The only certainties in life are death, taxes and people getting their undergarments in a twist when discussing the College Football Playoff.
Folks can sit back and passively watch the world burn around them, but they’ll start screaming and frothing at the mouth if you think your team deserved a spot in the field more than theirs.
But every sports fan has an opinion on it, and the Sports Fan’s Handbook demands that we are obligated to share that opinion.
So, what do I think about the 2022 CFP seeding (1. Georgia, 2. Michigan, 3. TCU, 4. Ohio State) ?
There are 131 Football Bowl Subdivision teams and 10 conferences. Having just four teams vie for a championship is, shall we say … lacking. Certainly, it beats the old Bowl Championship Series (which beats the old Bowl Alliance, which beats the old Bowl Coalition, which beats the old days of awarding “mythical” national championships). But as I’ve said and written many times, four participants mean you have an invitational, not a playoff.
Hearing folks cuss and discuss it amuses me, though.
Alabama fans are mad that a one-loss Ohio State team made it in over their two-loss team.
“But they got smoked at home by Michigan, 45-23, and our losses came on the last play of regulation (52-49 to Tennessee) and overtime (32-31 to LSU).”
I respond with, “Tennessee and Alabama have the same record and the Vols beat the Tide head-to-head, so shouldn’t they get in over Alabama?”
The return argument is that Tennessee was badly beaten by South Carolina, 63-38.
Tennessee dismantled LSU 40-13 in Baton Rouge, and LSU beat Bama in Death Valley. The Tide didn’t play the Gamecocks, so who’s to say they wouldn’t have suffered a similar fate?
And what about Clemson? The Tigers are 11-2, and they won the ACC Championship Game.
Then there’s Tulane, which also finished 11-2 and claimed the AAC title. Oh, and the Green Wave defeated Big 12 champ Kansas State in Manhattan during the regular season.
Ohio State, Alabama and Tennessee didn’t even win the divisions of their respective conferences.
Before you start pelting me with debris, keep in mind I’m not advocating for any team; I truly couldn’t care less. That said, if you had to pick four under the current guidelines, I don’t have a problem with the four that were picked.
Thing is, fans can justify in their minds whatever narrative works best for their favorite sons.
And it’s always bugged me that in a four-team playoff, league championship contests only matter when the CFP wants them to matter.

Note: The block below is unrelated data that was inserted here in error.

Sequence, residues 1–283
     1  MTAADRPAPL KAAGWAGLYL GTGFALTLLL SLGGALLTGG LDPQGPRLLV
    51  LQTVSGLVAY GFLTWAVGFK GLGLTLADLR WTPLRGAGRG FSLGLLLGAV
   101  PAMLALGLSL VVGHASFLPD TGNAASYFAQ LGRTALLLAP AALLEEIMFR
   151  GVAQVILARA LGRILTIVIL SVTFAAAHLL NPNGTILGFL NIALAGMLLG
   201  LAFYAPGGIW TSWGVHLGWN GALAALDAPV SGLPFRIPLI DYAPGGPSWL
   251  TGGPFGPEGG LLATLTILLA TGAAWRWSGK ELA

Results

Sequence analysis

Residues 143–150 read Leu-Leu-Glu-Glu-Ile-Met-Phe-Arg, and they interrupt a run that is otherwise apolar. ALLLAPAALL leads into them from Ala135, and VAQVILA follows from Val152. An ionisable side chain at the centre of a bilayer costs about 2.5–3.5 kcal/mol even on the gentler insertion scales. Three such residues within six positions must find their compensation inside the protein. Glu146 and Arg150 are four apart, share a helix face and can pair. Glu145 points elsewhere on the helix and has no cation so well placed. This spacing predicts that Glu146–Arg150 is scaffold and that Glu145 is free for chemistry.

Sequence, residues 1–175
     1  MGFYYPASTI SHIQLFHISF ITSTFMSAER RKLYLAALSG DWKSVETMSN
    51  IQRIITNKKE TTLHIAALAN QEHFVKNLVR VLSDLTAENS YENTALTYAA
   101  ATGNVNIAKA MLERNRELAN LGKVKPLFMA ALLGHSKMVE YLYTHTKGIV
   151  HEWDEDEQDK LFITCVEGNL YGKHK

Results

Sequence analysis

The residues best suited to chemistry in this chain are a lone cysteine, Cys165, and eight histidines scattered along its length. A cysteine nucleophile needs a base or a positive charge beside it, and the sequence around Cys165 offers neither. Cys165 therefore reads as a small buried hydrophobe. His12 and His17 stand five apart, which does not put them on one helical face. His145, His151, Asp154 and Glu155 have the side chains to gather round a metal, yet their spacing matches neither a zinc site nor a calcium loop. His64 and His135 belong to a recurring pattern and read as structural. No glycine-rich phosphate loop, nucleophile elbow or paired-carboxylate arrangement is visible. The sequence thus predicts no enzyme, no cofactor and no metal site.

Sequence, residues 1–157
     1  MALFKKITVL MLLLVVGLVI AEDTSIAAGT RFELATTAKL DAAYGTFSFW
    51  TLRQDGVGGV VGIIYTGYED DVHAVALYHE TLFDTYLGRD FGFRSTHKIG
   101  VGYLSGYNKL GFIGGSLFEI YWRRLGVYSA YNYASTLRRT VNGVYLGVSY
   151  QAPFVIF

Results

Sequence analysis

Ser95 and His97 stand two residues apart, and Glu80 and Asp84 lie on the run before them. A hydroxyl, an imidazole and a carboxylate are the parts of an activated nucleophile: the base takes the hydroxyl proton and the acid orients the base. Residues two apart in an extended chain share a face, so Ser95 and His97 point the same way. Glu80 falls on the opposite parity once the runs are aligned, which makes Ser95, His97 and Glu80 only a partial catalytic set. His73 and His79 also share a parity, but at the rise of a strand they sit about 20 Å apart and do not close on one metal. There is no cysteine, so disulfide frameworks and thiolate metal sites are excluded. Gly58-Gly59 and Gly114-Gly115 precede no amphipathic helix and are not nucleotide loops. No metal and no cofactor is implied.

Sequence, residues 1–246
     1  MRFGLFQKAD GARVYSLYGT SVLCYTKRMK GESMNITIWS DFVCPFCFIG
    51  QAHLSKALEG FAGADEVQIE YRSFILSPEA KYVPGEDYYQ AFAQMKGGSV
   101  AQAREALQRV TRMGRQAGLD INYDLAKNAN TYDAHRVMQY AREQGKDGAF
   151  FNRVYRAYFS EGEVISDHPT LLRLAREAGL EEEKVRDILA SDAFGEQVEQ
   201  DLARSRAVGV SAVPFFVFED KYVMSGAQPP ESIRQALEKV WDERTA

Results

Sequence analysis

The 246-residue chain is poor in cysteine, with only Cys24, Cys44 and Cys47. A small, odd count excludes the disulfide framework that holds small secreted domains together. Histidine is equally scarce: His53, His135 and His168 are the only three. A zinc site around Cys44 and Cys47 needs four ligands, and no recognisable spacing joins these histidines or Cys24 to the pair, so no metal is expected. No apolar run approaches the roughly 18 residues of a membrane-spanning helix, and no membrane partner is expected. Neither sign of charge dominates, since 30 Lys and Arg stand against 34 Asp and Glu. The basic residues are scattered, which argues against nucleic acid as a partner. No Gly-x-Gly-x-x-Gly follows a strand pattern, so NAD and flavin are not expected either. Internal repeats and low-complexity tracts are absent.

If LSU had upset Georgia, the Bulldogs would’ve still made the playoffs but a three-loss LSU team – the SEC champions – would not.
And look at K-State. They have a nice trophy, but the team they beat last Saturday (TCU) is in the CFP while they get the consolation prize of playing in the Sugar Bowl.
Fortunately, there’ll be just one more season for the teams who finish fifth and sixth in the CFP pre-bowl rankings to whine. Starting in 2024, it’ll be the 13th and 14th-place schools that’ll get to bitch and moan because the field will be tripled to 12.
Obviously, that’ll be a lot closer to a playoff than what we have now and overall, I think it’s a positive change.
The format will feature the six highest ranked conference champions plus the next six highest ranked teams in the CFP poll.
Seeds one through four will receive first round byes, while seeds five through eight will host first round games. The quarterfinals and semis will be played in traditional bowls, followed by the CFP Championship Game.
Although flawed, I find a lot to like with this setup … perhaps because I, too, am flawed. Conference championship games will truly matter again, and as a fan of a Group of 5 school (UAB, which heads to the American Athletic Conference in 2023) there is realistic CFP access for mid-majors. It’s not as good as the Football Championship Subdivision’s 24-team playoff, but it’ll do.
Now, what gets the four-team playoff supporters spitting and convulsing is this whole “access” argument.
“You’ll be putting teams in who don’t deserve it!” they shout. “This is just about money!”
Well, yeah, of course it’s about money. I didn’t think that was a secret.
As for expanding the field with teams that – on paper – have little shot at winning it all, I think that’s great. It’s one of the beauties of tournament play.
When the UMBC Retrievers made the NCAA Men’s Basketball Tournament in 2018, they had no realistic chance of winning the national championship. But they became the first No. 16 seed to beat a No. 1 seed with a 74-54 beatdown of Virginia.
If only bluebloods had been allowed in the field, something as monumental as that would’ve never happened. And merely being in a championship chase has value.
Isn’t that part of what competition is all about, giving an underdog a chance to punch above their weight?
Once the CFP grows to 12 the last team in on Selection Sunday will usually be the first team out on First Round Saturday, but that won’t always be the case.
There’ll come a time when a Sun Belt team beats an SEC team in December. Outcomes like that make the playoffs a whole lot more interesting to me.
And while we discuss the merits of any postseason, it should be noted that tournaments don’t necessarily determine the best team, only the best team in that particular competition.
I joked last week that if you really wanted to crown a true champion in the FBS, the schools would need to play a round-robin, 130-game schedule. Then at the end, the one with the best record would be the undisputed king of the hill.
So sure, with a 12-team playoff you’ll have schools that probably don’t “belong.” But no one knows for sure until and unless they get the chance.
And I’d rather have a bigger tourney that includes pretenders than an invitational that excludes contenders.
But, that’s just my opinion …